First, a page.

Dog walking in Worcester

Book on demand and scheduled walks with local dog walkers

How it works

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Flexible scheduling

Select the date and time that best suit your needs. Want a walk ASAP? We’ve got you covered.

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Customized for your pup

Choose between a 20-minute, 30-minute, or 60-minute stroll for your dog.

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Follow along

Track your walk with our live GPS tracker, then view your detailed report card after the walk.

What is Wag!?

Wag! is the nation's fastest-growing network of pre-screened and insured pet sitters and dog walkers. In less than 15 minutes you can book a nearby dog sitter, daycare provider, or dog walker, who'll take complete care of your loved one - at their place or yours.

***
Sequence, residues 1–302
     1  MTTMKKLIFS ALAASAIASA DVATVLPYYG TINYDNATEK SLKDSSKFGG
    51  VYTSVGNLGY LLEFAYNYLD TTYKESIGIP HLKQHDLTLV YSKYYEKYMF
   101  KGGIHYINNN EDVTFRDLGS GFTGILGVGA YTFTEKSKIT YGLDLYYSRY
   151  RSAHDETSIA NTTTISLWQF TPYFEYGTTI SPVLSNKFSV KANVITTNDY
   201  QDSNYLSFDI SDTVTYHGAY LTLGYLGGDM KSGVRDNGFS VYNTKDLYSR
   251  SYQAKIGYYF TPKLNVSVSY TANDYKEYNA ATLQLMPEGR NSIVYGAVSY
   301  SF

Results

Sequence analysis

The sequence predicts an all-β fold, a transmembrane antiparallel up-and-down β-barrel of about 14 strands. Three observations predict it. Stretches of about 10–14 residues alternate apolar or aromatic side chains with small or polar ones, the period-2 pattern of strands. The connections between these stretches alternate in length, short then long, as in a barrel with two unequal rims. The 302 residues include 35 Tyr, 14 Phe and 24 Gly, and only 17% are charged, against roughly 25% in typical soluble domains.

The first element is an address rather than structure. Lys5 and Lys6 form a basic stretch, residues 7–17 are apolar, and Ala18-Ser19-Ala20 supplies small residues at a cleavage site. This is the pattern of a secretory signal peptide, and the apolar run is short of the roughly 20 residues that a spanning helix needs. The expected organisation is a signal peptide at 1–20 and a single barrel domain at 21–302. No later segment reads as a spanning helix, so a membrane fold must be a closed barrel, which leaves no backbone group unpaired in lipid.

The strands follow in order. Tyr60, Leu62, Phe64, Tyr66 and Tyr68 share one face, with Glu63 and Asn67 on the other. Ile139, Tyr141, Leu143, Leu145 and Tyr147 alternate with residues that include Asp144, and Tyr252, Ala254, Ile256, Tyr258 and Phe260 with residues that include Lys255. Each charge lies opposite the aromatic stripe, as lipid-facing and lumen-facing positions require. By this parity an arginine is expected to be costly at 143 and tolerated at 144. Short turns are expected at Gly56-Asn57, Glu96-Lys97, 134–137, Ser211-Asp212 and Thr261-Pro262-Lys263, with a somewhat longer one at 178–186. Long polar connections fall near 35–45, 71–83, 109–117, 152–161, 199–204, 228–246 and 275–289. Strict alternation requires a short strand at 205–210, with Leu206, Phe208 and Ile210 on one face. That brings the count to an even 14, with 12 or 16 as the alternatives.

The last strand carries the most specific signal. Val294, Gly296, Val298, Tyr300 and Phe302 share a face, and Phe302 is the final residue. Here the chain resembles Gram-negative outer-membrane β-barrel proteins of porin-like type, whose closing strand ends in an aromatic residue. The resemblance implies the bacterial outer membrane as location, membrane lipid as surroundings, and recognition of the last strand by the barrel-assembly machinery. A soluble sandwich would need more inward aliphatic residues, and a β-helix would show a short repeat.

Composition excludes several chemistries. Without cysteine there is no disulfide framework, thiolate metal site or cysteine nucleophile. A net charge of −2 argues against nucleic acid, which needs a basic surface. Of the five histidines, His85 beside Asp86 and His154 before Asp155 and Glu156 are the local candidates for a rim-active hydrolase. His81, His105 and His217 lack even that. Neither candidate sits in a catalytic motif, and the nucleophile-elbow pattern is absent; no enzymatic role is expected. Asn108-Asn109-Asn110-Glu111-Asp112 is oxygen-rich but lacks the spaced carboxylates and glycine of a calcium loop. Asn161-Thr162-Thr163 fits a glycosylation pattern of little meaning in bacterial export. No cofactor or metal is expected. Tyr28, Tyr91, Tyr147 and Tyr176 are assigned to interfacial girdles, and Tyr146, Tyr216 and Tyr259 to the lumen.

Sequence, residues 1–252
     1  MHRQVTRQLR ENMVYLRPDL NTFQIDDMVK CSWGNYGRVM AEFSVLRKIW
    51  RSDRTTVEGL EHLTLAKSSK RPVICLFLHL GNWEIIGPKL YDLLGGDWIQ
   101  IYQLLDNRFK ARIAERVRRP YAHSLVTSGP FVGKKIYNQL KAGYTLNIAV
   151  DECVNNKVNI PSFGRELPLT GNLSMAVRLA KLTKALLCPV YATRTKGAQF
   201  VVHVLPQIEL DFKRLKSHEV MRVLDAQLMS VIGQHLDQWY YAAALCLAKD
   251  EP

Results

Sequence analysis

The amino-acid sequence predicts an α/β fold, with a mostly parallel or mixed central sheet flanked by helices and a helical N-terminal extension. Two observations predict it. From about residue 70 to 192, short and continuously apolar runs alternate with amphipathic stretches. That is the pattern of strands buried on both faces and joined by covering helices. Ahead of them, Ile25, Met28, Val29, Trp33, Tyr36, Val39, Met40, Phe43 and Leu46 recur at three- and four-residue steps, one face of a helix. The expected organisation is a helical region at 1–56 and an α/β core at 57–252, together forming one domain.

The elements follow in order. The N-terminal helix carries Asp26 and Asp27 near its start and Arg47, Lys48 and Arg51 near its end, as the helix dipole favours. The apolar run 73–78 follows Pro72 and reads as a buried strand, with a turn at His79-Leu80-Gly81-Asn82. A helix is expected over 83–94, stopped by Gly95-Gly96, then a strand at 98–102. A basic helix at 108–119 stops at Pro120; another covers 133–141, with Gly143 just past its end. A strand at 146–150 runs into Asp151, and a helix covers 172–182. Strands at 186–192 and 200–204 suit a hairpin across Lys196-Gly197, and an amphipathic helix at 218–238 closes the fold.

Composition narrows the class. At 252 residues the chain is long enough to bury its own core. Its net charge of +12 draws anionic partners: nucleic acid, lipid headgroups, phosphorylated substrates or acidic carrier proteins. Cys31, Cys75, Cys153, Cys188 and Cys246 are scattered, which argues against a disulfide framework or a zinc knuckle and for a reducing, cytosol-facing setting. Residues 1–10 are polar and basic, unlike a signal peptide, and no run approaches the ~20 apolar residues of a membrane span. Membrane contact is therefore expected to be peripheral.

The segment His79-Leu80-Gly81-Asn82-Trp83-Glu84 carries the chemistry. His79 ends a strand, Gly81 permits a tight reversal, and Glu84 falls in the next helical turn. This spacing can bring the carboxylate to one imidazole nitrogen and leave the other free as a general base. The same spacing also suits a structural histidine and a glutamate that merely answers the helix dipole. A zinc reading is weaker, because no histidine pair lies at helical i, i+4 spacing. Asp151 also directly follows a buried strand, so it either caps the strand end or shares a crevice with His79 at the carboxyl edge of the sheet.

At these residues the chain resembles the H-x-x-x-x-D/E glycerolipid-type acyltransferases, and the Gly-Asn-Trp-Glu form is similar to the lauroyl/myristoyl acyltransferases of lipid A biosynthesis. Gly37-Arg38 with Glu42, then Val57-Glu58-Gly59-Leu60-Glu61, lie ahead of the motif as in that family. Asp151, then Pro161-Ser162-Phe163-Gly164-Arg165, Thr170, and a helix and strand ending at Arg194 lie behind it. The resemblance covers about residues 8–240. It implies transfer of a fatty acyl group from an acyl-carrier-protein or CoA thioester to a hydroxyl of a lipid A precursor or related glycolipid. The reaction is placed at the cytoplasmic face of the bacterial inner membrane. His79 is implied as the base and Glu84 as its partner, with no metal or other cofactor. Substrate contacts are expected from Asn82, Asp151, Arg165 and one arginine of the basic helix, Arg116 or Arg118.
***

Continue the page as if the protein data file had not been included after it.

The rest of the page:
Book walkers near you

“For the love of dogs”

My name is Angela. I love animals and I have been walking dogs and pet sitting for the last few years. I have a two-year-old German Shepherd named Rangeley and two American short-haired cats. I am very reliable, flexible, and I want to create a comfortable environment for you and your pets!

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Socially Distanced Pet Care

Specialties

Dog first aid and/or CPR, Can run with dogs, Oral medicine administration, Injected medicine administration, Senior dog care, Special needs dog care, High energy dogs, Fast walker, Dogs who pull, Puppy care, Training experience, Obedience training, Behavioral training, Socialization training, Potty training, Puppy training

Hello, my name is Jamie and I’m 37 and a dad for a special needs boy. I’m currently working full time but am available some nights and weekends.I’ve been a dog groomer in the past for 6 years and always have loved all animals. I have 2 dogs, a toy poodle named willow and a miniature poodle named radley. When I’m out walking others dogs I care for them as if they are my own babies. I hope to take yours out soon for some exercise and fresh air. Thank you!

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See more about dog walking in Worcester

Dog Walking in Worcester